Carpenter ants occur widely in the United States, with 42 known species. Eighteen of these species occur in Texas. The adults vary in length from 1/4 inch for small workers to 1/4 inch for a queen, and the color varies from dark brown to red to black. In Texas some species are both red and black. Most colonies have workers of several sizes (polymorphism). They do not sting, but have a strong bite with their mandibles
Carpenter ants seek out soft, moist wood in which to establish their nests; they particularly prefer wood that has weathered and begun to decay. Although the nest is most often begun Carpenter ants-winged tin the soft wood, later excavations frequently are made into perfectly and two workers sound, dry lumber. Carpenter ants can be found in porch columns and roofs, window sills, hollow core doors, wood scraps in dirt-filled slab porches, and wood in contact with soil.
An infestation in a building may be started by a single fertilized female. However, many times it is started by a colony or portion of a colony moving in from another location. This is especially true in wooded areas. The queen sheds her wings when the new colony is started and remains wingless the rest of her life. The males are winged and die soon after the mating flight is over. Winged forms are usually not produced in a colony until it is at least three years old. A large colony can cause serious structural damage if not controlled.
Carpenter ants do not eat wood (in contrast with termites), but excavate galleries in the wood in which to rear their young. Carpenter ants eject the wood in the form of a coarse sawdust. The characteristic sawdust piles aid in nest location. They feed on honeydew excreted by aphids, and upon other insects, animal remains, and household food scraps. They are particularly fond of sweets. Despite this, it is difficult to use a bait material to control carpenter ants; treatment of the colony with a liquid insecticide or dust is often more successful.
The damage of carpenter ants is easily distinguished from that of termites. Their galleries are excavated without regard for the grain and follow the softer portions of the wood. The galleries are kept smooth and clean and have a sandpapered appearance. Termite galleries are not smooth and clean.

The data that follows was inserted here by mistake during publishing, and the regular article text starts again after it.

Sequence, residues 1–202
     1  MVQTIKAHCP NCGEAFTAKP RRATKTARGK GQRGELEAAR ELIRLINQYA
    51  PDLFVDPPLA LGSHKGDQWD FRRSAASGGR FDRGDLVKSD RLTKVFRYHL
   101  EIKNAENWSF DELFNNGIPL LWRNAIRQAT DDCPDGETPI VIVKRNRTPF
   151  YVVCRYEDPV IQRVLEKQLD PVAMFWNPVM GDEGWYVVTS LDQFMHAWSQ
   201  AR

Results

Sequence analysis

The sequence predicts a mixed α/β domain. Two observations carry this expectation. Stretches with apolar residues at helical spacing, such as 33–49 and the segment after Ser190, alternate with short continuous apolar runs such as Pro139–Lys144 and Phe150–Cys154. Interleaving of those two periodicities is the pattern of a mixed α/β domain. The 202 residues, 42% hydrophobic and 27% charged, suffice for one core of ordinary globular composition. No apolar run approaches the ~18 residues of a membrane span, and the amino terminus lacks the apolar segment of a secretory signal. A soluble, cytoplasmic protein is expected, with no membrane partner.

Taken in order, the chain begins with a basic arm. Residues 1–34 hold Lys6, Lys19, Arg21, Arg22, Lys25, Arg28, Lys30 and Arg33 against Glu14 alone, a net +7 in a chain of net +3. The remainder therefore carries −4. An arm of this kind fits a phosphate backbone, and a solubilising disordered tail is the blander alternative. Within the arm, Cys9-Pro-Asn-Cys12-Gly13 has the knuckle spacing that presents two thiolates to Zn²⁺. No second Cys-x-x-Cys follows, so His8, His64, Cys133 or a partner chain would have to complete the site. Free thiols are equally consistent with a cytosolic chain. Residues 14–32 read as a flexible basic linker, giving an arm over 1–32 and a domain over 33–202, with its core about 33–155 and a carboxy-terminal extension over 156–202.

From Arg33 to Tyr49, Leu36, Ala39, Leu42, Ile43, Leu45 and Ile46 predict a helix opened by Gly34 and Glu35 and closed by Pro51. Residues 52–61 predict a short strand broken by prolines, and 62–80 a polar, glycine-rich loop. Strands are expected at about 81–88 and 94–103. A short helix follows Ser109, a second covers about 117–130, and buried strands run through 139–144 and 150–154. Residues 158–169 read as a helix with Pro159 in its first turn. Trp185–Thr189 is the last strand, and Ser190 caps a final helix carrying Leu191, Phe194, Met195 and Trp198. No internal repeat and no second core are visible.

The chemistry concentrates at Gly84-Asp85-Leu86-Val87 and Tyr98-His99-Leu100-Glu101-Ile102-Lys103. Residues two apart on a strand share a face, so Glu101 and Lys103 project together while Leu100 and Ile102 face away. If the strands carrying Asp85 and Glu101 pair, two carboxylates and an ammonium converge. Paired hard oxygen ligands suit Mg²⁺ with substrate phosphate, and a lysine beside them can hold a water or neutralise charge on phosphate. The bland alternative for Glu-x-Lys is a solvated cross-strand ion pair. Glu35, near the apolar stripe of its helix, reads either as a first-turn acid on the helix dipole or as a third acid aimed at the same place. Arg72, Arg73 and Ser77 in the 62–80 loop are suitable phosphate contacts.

When carpenter ants are found within a structure, the colony is either nesting within the building or nesting outside the building and entering to forage for food. Houses near wooded areas are especially subject to invasion.
The key to the control of carpenter ants is locating the nest or nests, which is often difficult. If the nest or nests can be found, there is an excellent chance of controlling this pest. Eliminating nests outside may be just as important as eliminating those in buildings. In some cases, an entire colony may migrate from one nesting site to another-from a tree outdoors to structural timbers indoors.
To find nests indoors, examine these locations:
- Wood affected by water seepage (porch floors, roofs, porch posts and columns)
- Wood in contact with the soil.
- Wood adjacent to dirt-filled slab porches.
- Firewood piled in garages or next to a house.
Carpenter ants are usually found near moisture. Some signs of carpenter ants to look for when inspecting for a nest indoors are:
- Piles of coarse "sawdust" on the floor or foundation.
- Ant activity, particularly in kitchens. However, even when the nest is in a building very few ants may be seen. They are usually active at night and often forage outdoors.
Some of the things to look for outdoors are:
- Firewood, stumps, logs and trees that might contain nests.
- Trees with branches hanging over and touching the roof of a house. Ants may travel over these branches into the building.
- Power and utility lines leading to the house, particularly if they pass through trees and shrubs.
Sanitation measures such as removing and destroying logs and stumps that harbor nests will help eliminate the pest. To protect structures from carpenter ants, destroy the nests in and near the structure.